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Jean Giraudoux

The title character of the novel is young, approximately thirty years of age, and came from a rural North Dakota childhood that was deeply impoverished. He has become wealthy to a point beyond the wildest dreams of most people. Despite his status in society, the goal of becoming wealthy was achieved by engaging in illegal activities. He bootlegged alcohol during the prohibition years, and was also involved in the trading of stolen securities. He despised being poor, and wanted wealth from his earliest memories. He longed for money, status, sophistication, and luxury. He went to college, originally, but was using a janitorial job in order to pay his tuition. He hated the job so much that he could not bear it, and he dropped out of college after only attending for two weeks. Wanting to be rich was something to which he had always aspired, but one of the central reasons for his acquisition of wealth was to win the love of Daisy Buchanan. When he was in the military in Louisville he fell in love with her, and then he left to fight in WWI.

When Gatsby first met Daisy, he started lying to her about his background. He did that to show that he was good enough, because she was so full of charm and grace. It was obvious she was used to luxury. Originally, Daisy promised that she would wait for him when he went off to war. Unfortunately, she changed her mind and married Tom Buchanan. That occurred in 1919, and Gatsby was studying at Oxford during that time. He was trying to get a good education to help back up the claims he had made about his past. From the moment Gatsby found out Daisy had married someone else, he dedicated his entire life to winning her back. By acquiring millions of dollars and purchasing a big, gaudy mansion on West Egg, he is desperately trying to get Daisy's attention. It is one of the main reasons why Gatsby throws wild, lavish parties every Saturday night.

Most of the information about Gatsby's past is delayed until a later point in the story. The reputation Gatsby has precedes him, and he does not even have a word to say in the book in the first two chapters. Initially, Gatsby is represented as being aloof, and the parties he throws are emphasized. Beautiful women and powerful men both want access to him, and the luxury with which he surrounds himself is nearly unparalleled. Those who gossip in New York – and there are many of them – have turned him into a celebrity of sorts, even before the reader gets to know him. Mystery is the name of the game for Fitzgerald, who keeps Gatsby's past under wraps for a long period of time. Chapter six provides information about Gatsby's childhood, and chapter seven addresses proof of his past criminal acts. This adjusts the first impressions that the reader had of Gatsby, and the man who emerges and is understood by the end of the novel does not feel like the same man in the first few chapters.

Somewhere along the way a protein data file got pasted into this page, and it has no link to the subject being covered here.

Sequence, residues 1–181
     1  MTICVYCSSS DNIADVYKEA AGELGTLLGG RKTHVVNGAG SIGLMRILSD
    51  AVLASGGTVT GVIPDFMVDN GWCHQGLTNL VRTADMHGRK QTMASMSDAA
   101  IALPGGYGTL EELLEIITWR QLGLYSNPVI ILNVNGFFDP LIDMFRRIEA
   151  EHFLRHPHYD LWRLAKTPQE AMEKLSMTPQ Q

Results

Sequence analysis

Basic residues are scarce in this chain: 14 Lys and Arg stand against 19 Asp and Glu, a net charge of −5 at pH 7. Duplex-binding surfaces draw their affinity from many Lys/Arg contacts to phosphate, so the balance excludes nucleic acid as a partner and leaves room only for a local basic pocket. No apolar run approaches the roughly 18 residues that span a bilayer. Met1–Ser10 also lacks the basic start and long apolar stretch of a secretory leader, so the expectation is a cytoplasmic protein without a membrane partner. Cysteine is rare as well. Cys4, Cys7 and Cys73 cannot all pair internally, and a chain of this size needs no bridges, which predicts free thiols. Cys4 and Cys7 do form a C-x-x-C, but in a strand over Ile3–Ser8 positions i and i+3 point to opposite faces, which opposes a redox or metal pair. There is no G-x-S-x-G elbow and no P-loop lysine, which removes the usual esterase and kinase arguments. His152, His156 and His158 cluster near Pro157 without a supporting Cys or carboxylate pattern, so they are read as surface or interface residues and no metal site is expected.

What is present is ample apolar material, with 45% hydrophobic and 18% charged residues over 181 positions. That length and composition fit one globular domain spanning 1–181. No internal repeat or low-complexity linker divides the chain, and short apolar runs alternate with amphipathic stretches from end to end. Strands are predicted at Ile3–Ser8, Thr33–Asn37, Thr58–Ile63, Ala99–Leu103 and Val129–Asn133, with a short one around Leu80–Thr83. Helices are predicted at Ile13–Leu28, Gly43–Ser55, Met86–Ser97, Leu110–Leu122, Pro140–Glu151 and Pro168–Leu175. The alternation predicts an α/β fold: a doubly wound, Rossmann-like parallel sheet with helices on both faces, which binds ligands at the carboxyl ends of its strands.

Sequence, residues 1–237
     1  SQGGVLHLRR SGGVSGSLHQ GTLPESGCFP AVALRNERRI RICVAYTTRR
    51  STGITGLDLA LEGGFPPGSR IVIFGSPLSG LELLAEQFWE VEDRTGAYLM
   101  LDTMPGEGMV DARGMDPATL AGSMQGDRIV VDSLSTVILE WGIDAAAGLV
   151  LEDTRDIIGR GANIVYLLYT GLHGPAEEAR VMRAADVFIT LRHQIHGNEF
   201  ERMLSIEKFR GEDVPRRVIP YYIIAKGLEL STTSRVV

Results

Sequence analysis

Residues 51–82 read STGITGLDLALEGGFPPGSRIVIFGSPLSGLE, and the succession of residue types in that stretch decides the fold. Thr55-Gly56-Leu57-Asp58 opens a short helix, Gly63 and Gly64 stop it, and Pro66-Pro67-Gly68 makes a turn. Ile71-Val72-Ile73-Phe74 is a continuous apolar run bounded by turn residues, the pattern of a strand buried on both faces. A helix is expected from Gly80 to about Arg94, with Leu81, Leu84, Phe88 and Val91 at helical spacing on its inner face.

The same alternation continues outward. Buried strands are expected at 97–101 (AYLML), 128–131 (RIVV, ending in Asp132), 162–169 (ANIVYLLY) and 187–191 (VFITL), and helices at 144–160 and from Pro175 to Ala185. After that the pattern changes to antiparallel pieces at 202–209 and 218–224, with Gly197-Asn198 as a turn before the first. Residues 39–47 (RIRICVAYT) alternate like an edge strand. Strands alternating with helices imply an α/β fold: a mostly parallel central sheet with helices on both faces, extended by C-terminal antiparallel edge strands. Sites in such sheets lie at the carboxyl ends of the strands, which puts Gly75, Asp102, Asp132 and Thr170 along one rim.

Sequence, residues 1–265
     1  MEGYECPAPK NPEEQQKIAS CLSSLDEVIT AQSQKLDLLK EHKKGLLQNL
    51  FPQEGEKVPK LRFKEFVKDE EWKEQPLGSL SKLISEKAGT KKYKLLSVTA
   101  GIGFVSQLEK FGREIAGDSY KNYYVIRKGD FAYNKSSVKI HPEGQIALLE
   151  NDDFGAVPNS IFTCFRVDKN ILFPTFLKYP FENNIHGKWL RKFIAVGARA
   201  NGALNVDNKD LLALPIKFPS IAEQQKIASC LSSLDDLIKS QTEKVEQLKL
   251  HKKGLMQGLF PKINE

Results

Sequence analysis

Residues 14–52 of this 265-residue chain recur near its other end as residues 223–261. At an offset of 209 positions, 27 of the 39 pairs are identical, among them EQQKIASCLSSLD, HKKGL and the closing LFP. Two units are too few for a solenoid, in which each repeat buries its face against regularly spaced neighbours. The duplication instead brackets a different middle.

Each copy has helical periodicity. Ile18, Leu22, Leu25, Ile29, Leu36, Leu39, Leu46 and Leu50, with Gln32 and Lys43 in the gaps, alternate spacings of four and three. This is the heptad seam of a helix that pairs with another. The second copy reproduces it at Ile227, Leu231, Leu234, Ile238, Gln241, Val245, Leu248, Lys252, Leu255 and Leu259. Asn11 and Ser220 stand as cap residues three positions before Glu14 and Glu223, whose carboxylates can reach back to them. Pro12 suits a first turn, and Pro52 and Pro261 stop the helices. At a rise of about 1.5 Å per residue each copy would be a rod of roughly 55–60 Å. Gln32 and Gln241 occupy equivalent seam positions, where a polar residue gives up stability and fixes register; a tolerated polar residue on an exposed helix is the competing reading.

The technique of delaying the character revelation is used by Fitzgerald to emphasize how theatrical Gatsby is in the way he approaches life. Because this is a significant part of his personality, it must be addressed at some point in the novel. Gatsby has created his own character, and gone so far as to actually change his name so he could "be" someone else. He is playing a role, essentially, in his own life. Because he is so good at making his dreams become real, he is seen by the reader in a specific way – just the way in which he wanted to be seen – at the beginning of the story. The self-invention Gatsby is able to utilize is what makes him "great." It suggests that Gatsby is a master of illusion, and that he has created for himself a role that he will be playing throughout his life. If it were not for his deep desire to get the attention of Daisy once again, he may not have gone to such great lengths to create his life in a specific way or surround himself with opulence. It is indicative of Gatsby's rather tenuous hold on what is real and what is not.

During the progression of the novel, Fitzgerald reveals more of Gatsby's inner conflict, and how he is really just a young man who is hopeful and who is staking everything he is and will be on his dreams. He does not realize that these dreams are not worthy of what he is capable of doing with his life, and he should be dreaming for so much more. Daisy is idealized and perfect in his mind, but she cannot possibly attain that level of perfection in real life. He does not see her imperfections, though. He sees only what he has made Daisy out to be, not what she really is. His passion for her has blinded him to the truth. As his dream of her falls apart, Fitzgerald is showing the reader that the American dream is also falling apart due to the pursuit of wealth above all else. Gatsby is often compared to Nick, as the two characters appear to be sides of Fitzgerald's actual personality.

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